Open Access (OA) is about making scholarly publications freely available to everyone.
In today's world, we can access information immediately, from breaking news and celebrity gossip to book reviews and blog posts. The OA movement wants to make scholarly publications available to anyone who has an Internet connection and the ability to search and read the material--not just those who can afford to subscribe to a journal.
Open access works get more citations.
Many research studies have identified a citation advantage for open access articles, although this varies by discipline. SPARC Europe curates a bibliography of studies documenting the impact of OA on scholarly citations. A 2016 analysis of 70 studies found that 46 show a citation advantage for OA papers, as shown in the figure to the right.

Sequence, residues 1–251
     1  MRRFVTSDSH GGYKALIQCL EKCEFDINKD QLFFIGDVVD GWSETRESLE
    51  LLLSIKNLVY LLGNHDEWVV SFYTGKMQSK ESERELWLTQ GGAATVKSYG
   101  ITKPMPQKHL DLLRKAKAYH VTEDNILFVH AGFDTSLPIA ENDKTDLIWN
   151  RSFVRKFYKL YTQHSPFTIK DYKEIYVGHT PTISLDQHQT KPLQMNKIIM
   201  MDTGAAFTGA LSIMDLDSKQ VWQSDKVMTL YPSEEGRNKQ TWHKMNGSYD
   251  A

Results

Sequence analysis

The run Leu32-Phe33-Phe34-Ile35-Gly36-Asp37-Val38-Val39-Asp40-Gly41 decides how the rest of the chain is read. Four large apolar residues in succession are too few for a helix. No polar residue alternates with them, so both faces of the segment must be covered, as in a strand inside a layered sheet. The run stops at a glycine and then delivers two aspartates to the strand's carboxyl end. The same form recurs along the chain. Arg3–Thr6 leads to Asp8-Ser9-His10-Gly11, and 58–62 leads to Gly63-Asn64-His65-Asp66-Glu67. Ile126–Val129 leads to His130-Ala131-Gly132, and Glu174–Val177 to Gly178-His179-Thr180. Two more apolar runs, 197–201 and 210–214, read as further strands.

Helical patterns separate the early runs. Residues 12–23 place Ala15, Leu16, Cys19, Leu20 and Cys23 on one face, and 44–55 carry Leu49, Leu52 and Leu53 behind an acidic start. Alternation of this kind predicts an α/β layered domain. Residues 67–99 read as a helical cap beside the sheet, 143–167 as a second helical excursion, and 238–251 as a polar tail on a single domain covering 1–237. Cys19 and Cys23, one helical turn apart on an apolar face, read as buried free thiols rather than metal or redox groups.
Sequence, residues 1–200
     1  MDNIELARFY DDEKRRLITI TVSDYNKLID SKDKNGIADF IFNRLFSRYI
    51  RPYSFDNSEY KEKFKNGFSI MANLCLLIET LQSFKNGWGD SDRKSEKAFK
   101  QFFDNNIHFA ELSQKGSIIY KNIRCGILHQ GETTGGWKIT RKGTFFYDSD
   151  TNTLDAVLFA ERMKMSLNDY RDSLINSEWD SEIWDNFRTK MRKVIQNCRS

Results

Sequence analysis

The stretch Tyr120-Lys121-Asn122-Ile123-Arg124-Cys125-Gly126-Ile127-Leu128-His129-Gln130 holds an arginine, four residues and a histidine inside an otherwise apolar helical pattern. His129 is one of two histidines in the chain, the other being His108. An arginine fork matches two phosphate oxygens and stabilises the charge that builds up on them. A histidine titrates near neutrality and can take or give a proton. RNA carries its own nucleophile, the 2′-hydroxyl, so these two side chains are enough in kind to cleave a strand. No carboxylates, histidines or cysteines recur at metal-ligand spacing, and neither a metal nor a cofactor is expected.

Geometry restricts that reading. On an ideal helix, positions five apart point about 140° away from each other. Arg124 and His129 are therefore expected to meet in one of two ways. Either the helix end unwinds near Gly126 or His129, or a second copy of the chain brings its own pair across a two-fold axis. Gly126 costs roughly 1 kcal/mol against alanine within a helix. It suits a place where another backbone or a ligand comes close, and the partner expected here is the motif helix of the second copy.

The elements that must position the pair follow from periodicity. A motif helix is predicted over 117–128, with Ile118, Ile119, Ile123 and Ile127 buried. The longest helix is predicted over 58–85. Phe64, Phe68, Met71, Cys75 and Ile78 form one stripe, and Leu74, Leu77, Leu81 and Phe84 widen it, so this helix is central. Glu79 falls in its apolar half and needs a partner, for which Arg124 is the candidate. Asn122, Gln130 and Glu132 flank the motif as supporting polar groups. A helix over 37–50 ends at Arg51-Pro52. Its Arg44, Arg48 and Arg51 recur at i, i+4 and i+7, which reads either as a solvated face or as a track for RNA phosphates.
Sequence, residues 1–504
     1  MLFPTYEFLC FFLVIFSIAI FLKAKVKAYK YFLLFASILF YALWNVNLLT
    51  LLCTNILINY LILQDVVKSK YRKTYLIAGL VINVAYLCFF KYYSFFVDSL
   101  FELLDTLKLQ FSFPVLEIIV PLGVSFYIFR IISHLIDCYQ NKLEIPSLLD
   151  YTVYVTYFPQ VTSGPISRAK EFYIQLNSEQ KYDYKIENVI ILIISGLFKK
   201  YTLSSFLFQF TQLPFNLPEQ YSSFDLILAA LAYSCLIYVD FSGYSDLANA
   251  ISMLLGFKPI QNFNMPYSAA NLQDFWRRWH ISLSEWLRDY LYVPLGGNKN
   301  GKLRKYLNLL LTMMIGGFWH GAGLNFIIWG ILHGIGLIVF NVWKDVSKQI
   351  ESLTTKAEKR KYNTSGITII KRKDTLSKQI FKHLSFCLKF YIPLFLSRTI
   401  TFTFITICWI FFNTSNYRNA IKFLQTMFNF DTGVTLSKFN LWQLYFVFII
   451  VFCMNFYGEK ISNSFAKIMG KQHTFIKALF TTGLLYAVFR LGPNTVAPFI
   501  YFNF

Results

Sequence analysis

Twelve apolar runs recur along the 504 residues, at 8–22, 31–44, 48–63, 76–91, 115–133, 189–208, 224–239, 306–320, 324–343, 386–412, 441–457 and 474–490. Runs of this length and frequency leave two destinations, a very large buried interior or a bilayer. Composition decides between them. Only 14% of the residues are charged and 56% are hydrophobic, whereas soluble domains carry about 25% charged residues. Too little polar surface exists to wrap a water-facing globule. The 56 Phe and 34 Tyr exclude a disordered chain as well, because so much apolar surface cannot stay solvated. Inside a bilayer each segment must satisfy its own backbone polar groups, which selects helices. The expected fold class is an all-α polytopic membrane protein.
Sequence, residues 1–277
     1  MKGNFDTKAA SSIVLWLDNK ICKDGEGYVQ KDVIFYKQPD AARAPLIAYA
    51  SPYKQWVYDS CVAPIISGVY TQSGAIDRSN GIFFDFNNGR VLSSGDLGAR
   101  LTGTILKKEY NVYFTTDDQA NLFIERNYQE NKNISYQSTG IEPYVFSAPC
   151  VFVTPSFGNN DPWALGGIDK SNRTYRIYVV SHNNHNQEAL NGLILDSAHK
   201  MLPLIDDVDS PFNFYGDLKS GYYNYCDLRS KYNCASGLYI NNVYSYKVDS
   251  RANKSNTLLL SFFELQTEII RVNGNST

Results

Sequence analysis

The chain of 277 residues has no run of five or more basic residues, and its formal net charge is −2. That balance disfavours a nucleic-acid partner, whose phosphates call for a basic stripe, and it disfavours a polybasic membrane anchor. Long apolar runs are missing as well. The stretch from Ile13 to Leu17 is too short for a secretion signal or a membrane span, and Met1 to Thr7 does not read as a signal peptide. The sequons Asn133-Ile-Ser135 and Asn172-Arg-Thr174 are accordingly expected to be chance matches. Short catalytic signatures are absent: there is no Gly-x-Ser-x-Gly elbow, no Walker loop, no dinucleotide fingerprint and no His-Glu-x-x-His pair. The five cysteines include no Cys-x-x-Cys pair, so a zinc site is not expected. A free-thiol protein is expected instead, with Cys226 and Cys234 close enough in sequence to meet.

There is also a citation advantage on Wikipedia for OA articles. A recent study found that OA articles are 47% more likely to be cited than non-OA articles.
Open access works receive greater attention on social media and other media channels, leading to a broader societal impact.
When barriers to access--such as paywalls--are removed, works are more likely to have more widespread societal engagement. Articles that require subscriptions to read lead to a more limited societal impact.
Open access works reach a wider audience, representing groups outside of academia.
Research and scholarship available openly do not limit their readership to those with academic affiliations. New audiences include:
Open Access opens up opportunities for knowledge to be used in new ways, beyond traditional academic research.
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